My first impression was ambiguous; I'm a nut when it comes to construction values, and while the main body and the carafe seem solid, I was not at all impressed with the remaining collection of plastic parts. However, after putting it together and becoming friends with it, I have to say it consistently makes the best drip coffee I've had from an electric machine. The water temperature and management of the water flow are superb, and the carafe works quite well.

TV makes and sells a collection of replacement parts that will keep their brewers in business more or less indefinitely; they make parts for machines that are no longer in production. After the 5 year warranty is done they will still repair their machines for a nominal $59.00 fee. Tough to beat that with any other coffee maker.
 

kevreh

New member
Jan 26, 2022
5
2
22003
I’ve thought about getting the model you have with the stainless carafe. Doing so means avoiding the delicate glass and (cheap plastic) carafe.

it’s encouraging you think highly of it, guess it makes it worth not having some bells and whistles on ones like the ninja’s and breville’s.
 

RickStrong

New member
Jan 26, 2022
3
1
New York City
I’ve thought about getting the model you have with the stainless carafe. Doing so means avoiding the delicate glass and (cheap plastic) carafe.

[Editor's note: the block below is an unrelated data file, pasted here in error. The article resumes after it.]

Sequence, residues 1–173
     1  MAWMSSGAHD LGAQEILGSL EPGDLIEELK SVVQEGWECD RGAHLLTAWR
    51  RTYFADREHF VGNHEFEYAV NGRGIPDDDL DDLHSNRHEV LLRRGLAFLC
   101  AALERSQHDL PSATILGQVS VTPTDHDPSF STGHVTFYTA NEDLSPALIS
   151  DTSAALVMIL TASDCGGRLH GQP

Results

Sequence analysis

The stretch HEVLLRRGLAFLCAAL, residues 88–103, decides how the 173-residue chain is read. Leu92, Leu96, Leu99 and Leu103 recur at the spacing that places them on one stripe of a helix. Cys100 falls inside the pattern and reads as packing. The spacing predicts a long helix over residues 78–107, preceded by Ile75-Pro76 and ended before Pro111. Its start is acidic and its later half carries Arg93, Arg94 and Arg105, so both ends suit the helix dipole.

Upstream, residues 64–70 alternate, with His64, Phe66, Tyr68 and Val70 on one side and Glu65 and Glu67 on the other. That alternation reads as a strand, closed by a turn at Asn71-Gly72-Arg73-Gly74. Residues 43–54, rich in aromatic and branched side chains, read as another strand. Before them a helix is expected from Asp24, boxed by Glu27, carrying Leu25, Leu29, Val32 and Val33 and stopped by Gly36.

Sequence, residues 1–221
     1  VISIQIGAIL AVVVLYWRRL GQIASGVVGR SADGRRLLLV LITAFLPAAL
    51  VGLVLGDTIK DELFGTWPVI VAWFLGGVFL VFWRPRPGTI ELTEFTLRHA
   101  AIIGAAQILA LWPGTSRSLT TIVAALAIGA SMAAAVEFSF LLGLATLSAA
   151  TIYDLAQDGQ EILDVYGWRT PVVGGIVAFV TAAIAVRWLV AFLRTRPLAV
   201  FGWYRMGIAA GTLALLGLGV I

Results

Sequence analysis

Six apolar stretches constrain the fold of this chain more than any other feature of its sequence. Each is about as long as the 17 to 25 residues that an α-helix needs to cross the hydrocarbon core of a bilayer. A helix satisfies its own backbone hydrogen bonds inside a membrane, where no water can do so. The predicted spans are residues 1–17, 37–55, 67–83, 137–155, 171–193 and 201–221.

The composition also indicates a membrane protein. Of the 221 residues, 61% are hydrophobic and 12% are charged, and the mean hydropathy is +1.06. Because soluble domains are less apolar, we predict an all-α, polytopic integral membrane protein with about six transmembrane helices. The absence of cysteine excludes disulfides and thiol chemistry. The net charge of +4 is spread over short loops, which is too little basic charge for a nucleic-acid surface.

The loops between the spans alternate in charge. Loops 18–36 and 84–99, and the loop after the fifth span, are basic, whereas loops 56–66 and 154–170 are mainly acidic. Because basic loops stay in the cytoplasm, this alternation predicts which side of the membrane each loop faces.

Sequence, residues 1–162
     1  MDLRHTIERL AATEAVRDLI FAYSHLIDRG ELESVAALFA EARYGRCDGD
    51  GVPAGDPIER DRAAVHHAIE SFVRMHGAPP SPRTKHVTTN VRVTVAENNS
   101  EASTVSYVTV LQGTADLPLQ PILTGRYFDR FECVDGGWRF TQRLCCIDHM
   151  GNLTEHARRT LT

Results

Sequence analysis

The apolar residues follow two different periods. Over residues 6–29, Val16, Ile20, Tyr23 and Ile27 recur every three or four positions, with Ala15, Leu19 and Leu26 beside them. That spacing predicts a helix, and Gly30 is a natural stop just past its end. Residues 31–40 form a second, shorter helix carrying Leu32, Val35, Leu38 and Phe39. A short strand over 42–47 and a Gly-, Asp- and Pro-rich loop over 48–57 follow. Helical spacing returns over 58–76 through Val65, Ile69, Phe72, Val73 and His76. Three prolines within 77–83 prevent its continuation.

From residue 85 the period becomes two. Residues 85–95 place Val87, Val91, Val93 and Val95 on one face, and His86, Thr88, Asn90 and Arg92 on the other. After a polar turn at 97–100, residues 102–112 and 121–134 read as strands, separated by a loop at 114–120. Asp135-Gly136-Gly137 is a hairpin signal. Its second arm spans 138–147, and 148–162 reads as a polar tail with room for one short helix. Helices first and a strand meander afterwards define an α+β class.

it’s encouraging you think highly of it, guess it makes it worth not having some bells and whistles on ones like the ninja’s and breville’s.

RE glass vs. stainless/thermal, I think it's a tradeoff, and I've often considered it whenever looking at coffee makers. In one TV review I read, the glass TV pot scored well consistently against the stainless one in a blindfold test, and this makes sense to me since glass is less reactive than any sort of steel. The differences seem to be minor, though, and the stainless carafe seems to have some logistical advantages. I have to admit that the construction of the main body of the TV with the glass pot looks better to me, since it extends under the pot and provides a heater, while mine has a strange, thin plastic plate that goes under the thermal carafe for I-don't-know-what reason, and "attaches" to the main body with a small tab that fits in a slot on the main body. Annoyingly, it detaches if you raise the body 1/4" or more.

OTOH I've broken a few glass coffee pots and I REALLY don't want to go through that again if I can help it, not that it happens THAT often. Also, I like being able to carry my coffee about the apartment and keep it hot while I work, so I'm pretty happy with the model I have despite some misgivings.
 

kevreh

New member
Jan 26, 2022
5
2
22003
To close the loop on what I said above, having used the Ninja cp301 for a few days I have to say I still like it more than the TV (except in one area, looks....the TV just looks more minimal and less bulky). However, I'm probably going to return it and get the one with the stainless steel carafe. Even after a half hour of heating the glass carafe version slightly burns (or maybe cooks is the better term) coffee. Temp of coffee coming out is about 195-197, and it has a Rich mode that lets the coffee bloom for half a minute or so. Everything fits together smooth and works nicely.

But yes, not going to win over TV folks. Maybe after a while if I kept the TV I would overlook my criticisms of it.